The Royal Environmental Health Institute of Scotland (REHIS) have submitted a comment to the Scottish Parliament on the petition lodged to urge the Scottish Government to ban the sale and use of glue traps and boards in Scotland, for consideration by the Committee.
Glue traps are indiscriminate and can cause prolonged suffering to any animal caught in them. The indiscriminate nature of these traps was illustrated by the recent case of a female blackbird discovered by a customer at a pet shop in Inverness. The bird while trying to escape pulled off one leg and most of her feathers on her tail and underside.
Guidelines state that these traps should be checked frequently and any caught animal should be killed by a swift blow to the head. At present there is no regulation over these devices and are for sale to the public and their use is not monitored to check compliance with guidelines.
Glue traps and boards are currently banned in Ireland, New Zealand and the Australian state of Victoria. UK wide petitions for the banning of glue traps and boards have been launched, which indicates the public’s desire for control of use and sale of glue boards. Therefore, it is thought, if the Scottish Government agrees to ban these products this will set an important precedent for the rest of the UK to follow suit.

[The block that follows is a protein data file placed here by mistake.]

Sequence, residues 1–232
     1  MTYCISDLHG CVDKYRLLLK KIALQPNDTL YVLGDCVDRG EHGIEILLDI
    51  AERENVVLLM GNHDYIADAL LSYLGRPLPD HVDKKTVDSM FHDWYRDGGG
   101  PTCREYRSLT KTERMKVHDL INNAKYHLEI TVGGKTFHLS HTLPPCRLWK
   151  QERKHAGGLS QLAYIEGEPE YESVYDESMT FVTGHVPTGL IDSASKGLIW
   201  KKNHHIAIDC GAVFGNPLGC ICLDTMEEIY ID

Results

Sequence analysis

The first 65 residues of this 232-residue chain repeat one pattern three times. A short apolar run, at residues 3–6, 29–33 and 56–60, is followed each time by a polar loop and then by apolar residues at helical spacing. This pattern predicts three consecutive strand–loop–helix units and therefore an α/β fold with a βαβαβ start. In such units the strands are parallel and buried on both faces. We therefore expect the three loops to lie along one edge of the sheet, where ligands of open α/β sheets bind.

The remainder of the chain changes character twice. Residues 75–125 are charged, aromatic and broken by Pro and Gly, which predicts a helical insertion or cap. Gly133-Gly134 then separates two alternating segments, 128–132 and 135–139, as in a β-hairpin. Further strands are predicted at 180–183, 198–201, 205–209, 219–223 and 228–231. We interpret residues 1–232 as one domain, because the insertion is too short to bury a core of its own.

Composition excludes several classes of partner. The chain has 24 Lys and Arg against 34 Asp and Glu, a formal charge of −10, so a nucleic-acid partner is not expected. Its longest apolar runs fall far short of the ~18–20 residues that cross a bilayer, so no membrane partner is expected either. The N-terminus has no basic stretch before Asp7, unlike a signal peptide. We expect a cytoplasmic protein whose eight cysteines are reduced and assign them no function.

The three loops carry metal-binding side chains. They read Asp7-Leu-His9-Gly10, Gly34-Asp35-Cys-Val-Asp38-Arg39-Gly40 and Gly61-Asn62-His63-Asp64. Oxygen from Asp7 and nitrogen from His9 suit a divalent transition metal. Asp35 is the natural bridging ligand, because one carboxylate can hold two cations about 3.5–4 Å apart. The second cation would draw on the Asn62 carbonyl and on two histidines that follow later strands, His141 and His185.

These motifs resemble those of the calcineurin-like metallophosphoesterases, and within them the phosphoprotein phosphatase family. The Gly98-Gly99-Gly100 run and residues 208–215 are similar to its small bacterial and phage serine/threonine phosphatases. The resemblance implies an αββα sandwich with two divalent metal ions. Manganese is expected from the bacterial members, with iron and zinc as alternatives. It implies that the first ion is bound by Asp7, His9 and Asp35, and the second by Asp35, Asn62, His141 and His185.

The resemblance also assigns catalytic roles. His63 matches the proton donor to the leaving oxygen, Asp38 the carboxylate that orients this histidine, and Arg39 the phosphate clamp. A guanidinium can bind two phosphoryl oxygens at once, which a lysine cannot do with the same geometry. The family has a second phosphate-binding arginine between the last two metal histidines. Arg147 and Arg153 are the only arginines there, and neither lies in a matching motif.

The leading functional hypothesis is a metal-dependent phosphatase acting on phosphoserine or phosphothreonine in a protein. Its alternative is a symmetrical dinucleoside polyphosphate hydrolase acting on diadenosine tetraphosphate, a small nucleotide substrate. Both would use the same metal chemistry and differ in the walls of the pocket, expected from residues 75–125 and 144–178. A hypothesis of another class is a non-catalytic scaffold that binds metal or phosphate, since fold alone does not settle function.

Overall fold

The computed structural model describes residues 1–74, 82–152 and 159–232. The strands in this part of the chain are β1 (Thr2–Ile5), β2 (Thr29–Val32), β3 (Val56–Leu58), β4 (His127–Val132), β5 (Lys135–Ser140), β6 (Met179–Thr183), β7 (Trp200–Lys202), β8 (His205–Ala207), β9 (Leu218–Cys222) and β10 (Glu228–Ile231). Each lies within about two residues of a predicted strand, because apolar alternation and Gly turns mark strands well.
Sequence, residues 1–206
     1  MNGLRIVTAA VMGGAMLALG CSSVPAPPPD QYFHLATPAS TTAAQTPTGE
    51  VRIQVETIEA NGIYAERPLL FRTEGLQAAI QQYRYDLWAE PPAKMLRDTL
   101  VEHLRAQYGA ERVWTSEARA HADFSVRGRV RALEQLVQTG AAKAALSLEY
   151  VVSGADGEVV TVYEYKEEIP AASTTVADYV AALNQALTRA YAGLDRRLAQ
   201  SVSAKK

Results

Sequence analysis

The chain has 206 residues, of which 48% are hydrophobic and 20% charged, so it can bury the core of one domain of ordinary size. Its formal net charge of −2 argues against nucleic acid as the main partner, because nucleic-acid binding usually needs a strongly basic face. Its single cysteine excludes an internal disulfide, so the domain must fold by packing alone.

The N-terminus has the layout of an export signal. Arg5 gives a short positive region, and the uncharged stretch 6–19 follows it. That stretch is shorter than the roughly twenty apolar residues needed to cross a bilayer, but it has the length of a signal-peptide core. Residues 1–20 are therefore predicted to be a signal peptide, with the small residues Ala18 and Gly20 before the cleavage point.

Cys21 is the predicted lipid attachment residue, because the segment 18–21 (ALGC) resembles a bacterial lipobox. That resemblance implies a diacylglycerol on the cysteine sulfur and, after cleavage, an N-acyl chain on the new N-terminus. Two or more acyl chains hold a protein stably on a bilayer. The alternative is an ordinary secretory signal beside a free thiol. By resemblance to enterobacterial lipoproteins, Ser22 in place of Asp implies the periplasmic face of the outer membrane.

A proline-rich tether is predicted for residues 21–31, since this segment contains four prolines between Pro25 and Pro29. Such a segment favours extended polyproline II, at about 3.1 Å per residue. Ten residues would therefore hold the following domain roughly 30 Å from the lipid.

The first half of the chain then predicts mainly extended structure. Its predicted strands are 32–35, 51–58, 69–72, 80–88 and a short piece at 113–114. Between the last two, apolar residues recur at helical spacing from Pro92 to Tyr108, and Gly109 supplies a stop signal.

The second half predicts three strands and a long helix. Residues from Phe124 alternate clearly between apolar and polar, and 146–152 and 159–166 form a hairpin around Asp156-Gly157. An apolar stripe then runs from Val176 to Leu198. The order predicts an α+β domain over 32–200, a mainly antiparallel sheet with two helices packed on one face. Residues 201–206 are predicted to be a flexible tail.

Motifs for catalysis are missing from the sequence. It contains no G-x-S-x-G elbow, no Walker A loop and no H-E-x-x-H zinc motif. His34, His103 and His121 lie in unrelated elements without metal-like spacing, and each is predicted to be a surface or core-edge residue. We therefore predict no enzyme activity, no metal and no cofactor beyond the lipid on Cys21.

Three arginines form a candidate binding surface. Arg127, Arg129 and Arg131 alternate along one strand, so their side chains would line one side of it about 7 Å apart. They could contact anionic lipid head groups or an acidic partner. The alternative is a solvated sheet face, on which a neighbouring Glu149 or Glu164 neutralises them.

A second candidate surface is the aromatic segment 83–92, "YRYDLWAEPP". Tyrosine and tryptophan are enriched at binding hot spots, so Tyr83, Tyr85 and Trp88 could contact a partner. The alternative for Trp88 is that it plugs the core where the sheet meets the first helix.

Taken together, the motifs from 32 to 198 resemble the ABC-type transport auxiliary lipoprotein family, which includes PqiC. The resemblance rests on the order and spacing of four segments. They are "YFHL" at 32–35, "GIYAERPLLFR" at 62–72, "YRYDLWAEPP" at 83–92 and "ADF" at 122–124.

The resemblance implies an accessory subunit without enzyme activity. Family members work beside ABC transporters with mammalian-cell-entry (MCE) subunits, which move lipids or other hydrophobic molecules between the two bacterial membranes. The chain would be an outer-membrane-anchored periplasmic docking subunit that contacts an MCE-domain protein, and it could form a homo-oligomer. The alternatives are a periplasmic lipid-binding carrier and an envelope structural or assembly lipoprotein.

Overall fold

REHIS submitted the following response:
“REHIS recognises the need for control of use of glue boards in pest control. We consider that they are open to misuse, can entrap non-target species if used incorrectly and cause unnecessary suffering to target species. There are, however, cases of last resort, where other control measures have failed and there is no alternative to the use of glue boards. We would support the removal of glue boards for sale to the amateur sector and their restriction for use to the professional pest control sector. In addition, their use within the professional sector needs to be controlled so that only trained and competent personnel can use these products in accordance with a strict set of guidelines.
The Pest Management Alliance has recently updated a Code of Practice for the Humane Use of Glue Boards in consultation with DEFRA which could provide the basis of either a Statutory Code of Practice or a licensing scheme similar to the bird control licensing scheme operated by Scottish National Heritage to preserve public health, public safety and prevent the spread of disease.”